Logo is of course known for its turtle graphics, and such is the appeal that there are now turtle graphics libraries for lots of other systems, such as Python, Java, Racket, Ruby, lots of others. If your favorite language supports graphics, then somebody will have written a turtle graphics interpreter for it.

One of the more powerful uses of turtle graphics is for investigating Lindenmayer Systems, named for Aristid Lindenmayer, who developed them for modelling plant growth. (As an aside, note his first name: *Aristid*. At least once I’ve seen it misspelled “Astrid”.)

To start, we can draw a simple Y-shaped tree, with a trunk, and two branches at 45 degrees from the vertical, with these commands:

fd 100 rt 45 fd 100 bk 100 lt 90 fd 100 bk 100 rt 45 bk 100

which produces something like this:

Of course we would want to be able to change the size of the tree, so we could write the procedure

to tree :size fd :size rt 45 fd :size bk :size lt 90 fd :size bk :size rt 45 bk :size end

And now with the command `tree` we can draw Y-shaped trees of any size. We have carefully designed our tree so that the turtle ends up back where we started. This means we can replace branches of the tree with smaller versions of itself:

to tree2 :size fd :size rt 45 tree :size/2 lt 90 tree :size/2 rt 45 bk :size end

Then “`cs tree2 100`” produces this:

To replace all branches with smaller copies of the tree we can perform a recursion, stopping only when the branch size reaches a certain lower limit. Like this:

to tree3 :size if :size < 2 [stop] fd :size rt 45 tree3 :size/2 lt 90 tree3 :size/2 rt 45 bk :size end

If we now enter

cs bk 150 tree3 200

(with the "`bk 150`" simply to give the tree room to grow in our graphics window), we obtain:

Now this looks like no tree found in nature. But we can easily manipulate it. All we require is for our basic, fundamental, tree, to be so designed that the turtle ends up at the start. Then we can recursively plot the branches with smaller copies of itself.

For example, here is a new basic tree:

to tree :size fd :size rt 30 fd :size/1.5 bk :size/1.5 lt 45 fd :size bk :size rt 15 bk :size end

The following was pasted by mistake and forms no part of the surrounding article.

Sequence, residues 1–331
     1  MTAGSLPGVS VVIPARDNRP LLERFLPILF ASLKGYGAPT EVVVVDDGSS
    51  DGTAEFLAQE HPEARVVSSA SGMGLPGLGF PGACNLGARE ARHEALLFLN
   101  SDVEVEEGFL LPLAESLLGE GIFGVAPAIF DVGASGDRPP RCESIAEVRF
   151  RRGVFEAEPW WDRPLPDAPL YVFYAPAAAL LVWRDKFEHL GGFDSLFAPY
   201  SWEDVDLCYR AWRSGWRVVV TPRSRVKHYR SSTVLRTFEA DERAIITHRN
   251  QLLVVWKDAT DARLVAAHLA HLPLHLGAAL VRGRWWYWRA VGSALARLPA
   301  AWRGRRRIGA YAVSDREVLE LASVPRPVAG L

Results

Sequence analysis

so that "`tree 100`" produces this:

and a recursive version (which I'll now call "ltree"):

to ltree :size if :size < 2 [stop] fd :size rt 30 ltree :size/2 lt 45 ltree :size/1.5 rt 15 bk :size end

so that "`cs bk 150 ltree 150`" produces:

Already we are getting some vague semblance of a "natural" plant. Here's an example I pinched from the Ruby pages linked to above, rewritten in Logo, and with colors and widths taken out:

to ltree2 :size if :size < 5 [stop] fd :size/3 lt 30 ltree2 :size*2/3 rt 30 fd :size/6 rt 25 ltree2 :size/2 lt 25 fd :size/3 rt 25 ltree2 :size/2 lt 25 bk :size*5/6 end

And here's the result of "`cs bk 150 ltree2 250`":

(I had to do this in the online Logo interpreter at http://www.calormen.com/jslogo/, as for some reason my ucblogo kept crashing with core dumps.) But it's remarkable that with a very simple procedure we can construct a picture which already looks more like a real plant than ever.

In fact, our plants aren't Lindenmayer systems themselves, but the output of such systems. Formally, a Lindenmayer System is a grammar, or set of rules, for creating recursively defined structures. Our initial plant, the highly unlife-like one, can be expressed in the L-systems language as

angle = 45 1 -> [1 1] 0 -> [1 [0] 0]

where 1 and 0 may be interpreted as drawing a line segment, and a line segment ending in a leaf, respectively. The brackets [ and ] may be interpreted as turning left and right (by 45 degrees) respectively.

This might seem a little obtuse, and an equivalent method is given by Chris Jennings who defines this tree as

angle = 45 axiom = FX X -> S[-FX]+FX

Here F and X mean drawing the trunk and branches respectively, and S means "draw everything smaller from now on". And the term "axiom" simply means the starting value. Here it's the + and - which refer to the turns, and the brackets indicate pushing and popping objects off a stack which ensure that we maintain the current position. This means that the last line here, which is this system's "rule" can be read as:

- Make everything shorter, and
- draw a tree to the left
- draw a tree to the right

Using these symbols, another plant can be described (this is example 7 from https://en.wikipedia.org/wiki/L-system) as:

angle = 25 axiom = X X -> F[−X][X]F[−X]+FX F -> FF

In this example, the shortening is assumed. This can be turned into a Logo procedure as follows:

to ltree7 :size if :size < 5 [stop] fd :size lt 25 ltree7 :size/2 rt 25 ltree7 :size/2 fd :size/2 lt 25 ltree7 :size/2 rt 25 rt 25 fd :size/2 ltree7 :size/2 bk :size/2 lt 25 bk :size/2 bk :size end

and when invoked with

cs pu bk 250 ht pd ltree7 200 st

produces this noble plant:

Remarkable that such simple instruction sets can yield results of such beauty! It's quite possible to add colors and thicknesses to these plants to make them even more lifelike. But you get the idea.